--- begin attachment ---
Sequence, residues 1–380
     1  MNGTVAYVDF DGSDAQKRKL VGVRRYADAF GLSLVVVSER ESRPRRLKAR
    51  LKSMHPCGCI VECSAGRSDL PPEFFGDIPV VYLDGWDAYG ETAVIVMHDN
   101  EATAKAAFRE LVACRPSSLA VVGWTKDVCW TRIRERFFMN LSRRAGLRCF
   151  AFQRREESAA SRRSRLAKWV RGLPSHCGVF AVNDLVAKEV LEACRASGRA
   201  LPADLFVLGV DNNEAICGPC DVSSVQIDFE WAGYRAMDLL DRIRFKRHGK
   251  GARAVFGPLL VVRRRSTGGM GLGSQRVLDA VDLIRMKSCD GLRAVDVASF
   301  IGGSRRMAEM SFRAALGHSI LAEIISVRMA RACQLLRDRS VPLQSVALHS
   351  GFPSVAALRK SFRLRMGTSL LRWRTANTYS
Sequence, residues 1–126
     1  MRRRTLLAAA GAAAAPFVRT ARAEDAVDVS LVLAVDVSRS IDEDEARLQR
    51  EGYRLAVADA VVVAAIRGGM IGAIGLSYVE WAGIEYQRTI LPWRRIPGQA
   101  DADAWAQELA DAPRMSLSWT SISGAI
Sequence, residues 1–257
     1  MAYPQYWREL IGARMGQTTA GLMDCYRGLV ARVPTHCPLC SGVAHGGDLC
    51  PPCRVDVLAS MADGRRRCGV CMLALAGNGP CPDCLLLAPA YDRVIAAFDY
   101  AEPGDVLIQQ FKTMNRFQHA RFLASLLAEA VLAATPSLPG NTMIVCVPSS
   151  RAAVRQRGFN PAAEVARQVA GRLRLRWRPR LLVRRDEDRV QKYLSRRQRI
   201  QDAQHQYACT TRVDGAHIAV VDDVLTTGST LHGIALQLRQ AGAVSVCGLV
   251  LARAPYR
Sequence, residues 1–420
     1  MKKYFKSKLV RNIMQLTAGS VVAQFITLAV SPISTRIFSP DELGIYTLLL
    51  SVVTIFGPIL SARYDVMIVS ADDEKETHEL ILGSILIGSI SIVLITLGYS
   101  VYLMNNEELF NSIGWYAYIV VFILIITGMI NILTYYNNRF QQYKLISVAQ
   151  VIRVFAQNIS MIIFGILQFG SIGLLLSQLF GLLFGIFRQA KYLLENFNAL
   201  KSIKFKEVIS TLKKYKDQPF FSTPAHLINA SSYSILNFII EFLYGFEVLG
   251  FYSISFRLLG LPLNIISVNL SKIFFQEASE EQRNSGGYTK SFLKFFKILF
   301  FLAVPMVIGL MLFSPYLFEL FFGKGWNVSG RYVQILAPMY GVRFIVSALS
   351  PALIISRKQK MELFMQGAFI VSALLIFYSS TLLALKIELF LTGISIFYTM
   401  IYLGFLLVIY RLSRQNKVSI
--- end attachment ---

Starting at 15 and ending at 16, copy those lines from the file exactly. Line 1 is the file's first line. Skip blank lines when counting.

     1  MAYPQYWREL IGARMGQTTA GLMDCYRGLV ARVPTHCPLC SGVAHGGDLC
    51  PPCRVDVLAS MADGRRRCGV CMLALAGNGP CPDCLLLAPA YDRVIAAFDY